Kate


Viewed – 14 September 2021 Netflix

I admit it, Mary Elizabeth Winstead just does it for me. She always plays cool characters, is a capable actor and exudes a subtle sexiness that’s very appealing. This latest vehicle, playing a character not too dissimilar to one she played in Birds of Prey has her as Kate, a professional assassin who following a hit that goes wrong, discovers she’s been infected with a deadly poison. With about a day to live she races against time to find out the culprit and eliminate them.

Co-starring Woody Harrelson as her mentor, this is very much the female take on John Wick and yes, Winstead is a badass. Set in Tokyo, of course this is stylish, full of neon, fast cars and plenty of gun-fu. Shame then that unlike that Keanu Reeves franchise, the direction here isn’t as slick, and action can occasionally feel stilted, with some uninspired camera work and sloppy editing – add to this an over reliance on (poor) CGI. The plot is still effective if simple, serving up some good twists, and the subplot of a teenage girl who Kate has to reluctantly team up with, proved interesting.

If you like your action fast and colourful, this is still the movie for you. Winstead is great, portraying her pending death well, but much of the plot was quite predictable. Harrelson also is also just ok, clearly capable of delivering this kind of character in his sleep. So no, not quite an action classic, but worth seeing regardless.

Verdict: Good

A classic returns


This blog has mostly moved away from reporting on video games in recent months, as I feel it isn’t really what I started this site up for.  But every now and then I just feel the need to tell the world about certain games.  Jet Set Radio (aka Jet Grind Radio) is one such beast, newly released last week on XBOX Live Arcade and Playstation Network, this HD re-make of the Sega Dreamcast original has thankfully for me, lost none of its magic.  The game has you as a member of a street gang who travel around a cartoon version of Tokyo claiming their turf by spraying graffiti and chasing off rival gangs, whilst at the same time avoiding the Police (or Army, or Assassins).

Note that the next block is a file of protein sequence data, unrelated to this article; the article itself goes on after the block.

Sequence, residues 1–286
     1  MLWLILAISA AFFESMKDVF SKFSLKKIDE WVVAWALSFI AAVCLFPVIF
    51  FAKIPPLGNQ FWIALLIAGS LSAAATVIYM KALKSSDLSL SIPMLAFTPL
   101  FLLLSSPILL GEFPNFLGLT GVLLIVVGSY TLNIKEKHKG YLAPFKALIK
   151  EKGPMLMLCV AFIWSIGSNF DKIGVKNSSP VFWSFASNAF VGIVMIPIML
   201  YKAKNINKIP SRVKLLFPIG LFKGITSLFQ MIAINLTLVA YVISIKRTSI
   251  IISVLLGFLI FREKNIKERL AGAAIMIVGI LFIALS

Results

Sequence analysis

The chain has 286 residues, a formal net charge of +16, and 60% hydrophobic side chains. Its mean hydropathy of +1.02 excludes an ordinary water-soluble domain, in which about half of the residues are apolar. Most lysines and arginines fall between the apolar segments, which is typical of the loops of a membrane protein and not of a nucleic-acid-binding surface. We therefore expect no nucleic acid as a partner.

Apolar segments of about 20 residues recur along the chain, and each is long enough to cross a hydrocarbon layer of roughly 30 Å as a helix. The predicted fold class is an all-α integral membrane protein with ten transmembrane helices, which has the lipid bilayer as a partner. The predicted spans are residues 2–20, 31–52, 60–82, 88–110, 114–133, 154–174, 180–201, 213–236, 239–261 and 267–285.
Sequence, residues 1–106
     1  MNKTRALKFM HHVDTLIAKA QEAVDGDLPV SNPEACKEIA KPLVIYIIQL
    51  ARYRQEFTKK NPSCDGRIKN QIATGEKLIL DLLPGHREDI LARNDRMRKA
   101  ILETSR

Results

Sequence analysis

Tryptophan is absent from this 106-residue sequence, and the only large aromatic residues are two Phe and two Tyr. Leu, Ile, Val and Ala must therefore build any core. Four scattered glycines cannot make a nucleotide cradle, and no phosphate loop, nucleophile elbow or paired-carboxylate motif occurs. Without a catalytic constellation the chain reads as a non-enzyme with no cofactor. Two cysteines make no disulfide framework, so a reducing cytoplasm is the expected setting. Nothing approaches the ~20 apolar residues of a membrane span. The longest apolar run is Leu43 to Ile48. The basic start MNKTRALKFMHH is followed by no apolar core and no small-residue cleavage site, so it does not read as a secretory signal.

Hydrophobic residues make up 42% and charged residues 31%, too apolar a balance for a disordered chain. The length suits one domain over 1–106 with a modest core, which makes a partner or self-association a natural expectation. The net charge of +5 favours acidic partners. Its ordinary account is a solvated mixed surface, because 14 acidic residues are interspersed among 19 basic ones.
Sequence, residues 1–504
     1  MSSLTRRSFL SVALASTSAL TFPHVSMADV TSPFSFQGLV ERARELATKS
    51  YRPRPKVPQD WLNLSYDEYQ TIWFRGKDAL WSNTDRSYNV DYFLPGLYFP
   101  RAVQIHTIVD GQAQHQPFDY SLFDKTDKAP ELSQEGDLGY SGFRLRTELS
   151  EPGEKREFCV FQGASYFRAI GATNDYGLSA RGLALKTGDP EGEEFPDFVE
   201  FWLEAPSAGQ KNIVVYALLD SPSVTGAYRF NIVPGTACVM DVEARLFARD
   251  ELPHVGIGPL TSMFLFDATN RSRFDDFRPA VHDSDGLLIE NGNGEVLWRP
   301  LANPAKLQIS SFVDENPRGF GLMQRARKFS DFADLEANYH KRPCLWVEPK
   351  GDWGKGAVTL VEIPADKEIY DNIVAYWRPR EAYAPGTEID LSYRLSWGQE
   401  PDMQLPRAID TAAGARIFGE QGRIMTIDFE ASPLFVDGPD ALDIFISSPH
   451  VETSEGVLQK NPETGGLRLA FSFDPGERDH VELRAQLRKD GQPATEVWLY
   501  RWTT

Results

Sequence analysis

Developed by the now defunct Smilebit and released by Sega in 2001, this is a game with a very unique identity.  The game is just pure fun to play, challenging due to strict time limits and  a quirky control method that takes a bit of getting used to – but for about £5 this is a steal and worth every penny.  The game is also huge with various vibrant districts to skate around and just enjoy exploring, and the cast of characters are pure Japanese  brilliance.  Now the icing on this wonderful cake is also its bubble-gum pop soundtrack that mixes dance, techno, rock and synth wonderfully to create a possibly bonkers gaming vibe.

The HD re-release looks gorgeous.  The graphics are very colourful and the art design has not dated at all.  Ok there are a few low-res textures, pop-in rears its head (as it did in the Dreamcast version) and glitches and a few audio stutters do occur.  These could all have been addressed, but this is still far from a lazy port.  In widescreen on a big TV it all just looks stunning and with a silky smooth frame rate – I couldn’t help but be blown away all over again.

The 2nd greatest game I have ever played (next to Half-Life 2).  Essential for any ‘true’ gamer’s collection.